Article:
Opinion: Is streaming helpful?


Oscar Richter

Clockwise from top left: logos from popular streaming services include iHeart Radio, Apple Music, Pandora and Spotify

Isaac Harper, Writer

Before I get started with this article let me explain what streaming is. Streaming, without being very technical about it, is the constant transfer of data into a steady processed stream. This allows music for services like Pandora, Spotify, Apple Music, and even YouTube.

Now you are probably wondering, “why do I care?” I have been asking myself that question for the past few days. The answer then showed itself to me. While trying to write a review for an album I went on to Spotify to listen to the album. And of course, I chose to listen to one of the dozen artists that do not stream.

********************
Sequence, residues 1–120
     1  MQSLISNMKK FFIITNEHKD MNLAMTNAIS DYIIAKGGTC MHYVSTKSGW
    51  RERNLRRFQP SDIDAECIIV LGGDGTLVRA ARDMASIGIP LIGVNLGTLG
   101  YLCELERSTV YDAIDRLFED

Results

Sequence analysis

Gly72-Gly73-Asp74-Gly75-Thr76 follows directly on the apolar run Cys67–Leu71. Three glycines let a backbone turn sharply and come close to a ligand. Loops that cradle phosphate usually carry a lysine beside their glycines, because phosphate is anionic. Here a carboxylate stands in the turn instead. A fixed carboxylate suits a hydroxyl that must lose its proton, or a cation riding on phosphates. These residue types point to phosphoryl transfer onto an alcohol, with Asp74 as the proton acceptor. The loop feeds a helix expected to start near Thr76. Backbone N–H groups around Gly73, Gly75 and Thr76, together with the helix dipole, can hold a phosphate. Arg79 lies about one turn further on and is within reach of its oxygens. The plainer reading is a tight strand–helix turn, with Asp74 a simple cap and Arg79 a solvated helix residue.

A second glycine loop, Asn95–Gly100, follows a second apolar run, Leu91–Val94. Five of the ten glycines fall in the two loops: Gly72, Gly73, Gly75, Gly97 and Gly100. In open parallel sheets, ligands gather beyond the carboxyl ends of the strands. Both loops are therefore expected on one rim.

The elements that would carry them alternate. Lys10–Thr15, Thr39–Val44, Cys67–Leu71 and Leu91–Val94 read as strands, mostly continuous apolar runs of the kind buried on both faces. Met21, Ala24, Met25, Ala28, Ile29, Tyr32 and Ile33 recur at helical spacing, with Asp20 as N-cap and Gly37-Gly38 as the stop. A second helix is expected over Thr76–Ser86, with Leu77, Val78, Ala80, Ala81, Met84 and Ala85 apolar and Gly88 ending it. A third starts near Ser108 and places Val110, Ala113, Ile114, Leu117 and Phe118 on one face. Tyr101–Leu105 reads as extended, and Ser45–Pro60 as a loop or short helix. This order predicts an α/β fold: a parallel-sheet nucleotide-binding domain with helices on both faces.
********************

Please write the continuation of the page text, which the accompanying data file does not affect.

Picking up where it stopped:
While this proved to be a problem at first, it did spike my interest. So, I did some reading and the issue is actually bigger than I expected. There are already a number of artists who have chosen to not allow streaming services to use their music. Those artists include Neil Young, Taylor Swift, Prince, Thom Yorke, Tool, Garth Brooks, Jason Aldean, Bob Seeger and King Crimson.

The reasons span from a lack of physical connection (Tool) to the artists not wanting give their music away for free. Taylor is leading this movement with not wanting to give away her music.

As said by Swift in a Rolling Stone interview, “I’m not willing to contribute my life’s work to an experiment that I don’t feel fairly compensates the writers, producers, artists and creators of this music.”

The fact of the matter is that when we listen to music on free streaming services the musicians get little to nothing, other than advertisement. I’m not trying to put any guilt on anybody, because I also use streaming.

So does this mean that streaming services are going to destroy the music industry? Obviously not. Although it won’t destroy the industry, it will change it. I guess we will have to wait and see what that change is.